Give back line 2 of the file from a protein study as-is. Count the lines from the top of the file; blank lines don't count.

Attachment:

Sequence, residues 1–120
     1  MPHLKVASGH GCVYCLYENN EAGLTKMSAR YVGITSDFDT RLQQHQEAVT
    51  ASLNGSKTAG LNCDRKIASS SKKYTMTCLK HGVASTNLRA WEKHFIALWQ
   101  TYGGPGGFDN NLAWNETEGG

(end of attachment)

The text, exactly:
     1  MPHLKVASGH GCVYCLYENN EAGLTKMSAR YVGITSDFDT RLQQHQEAVT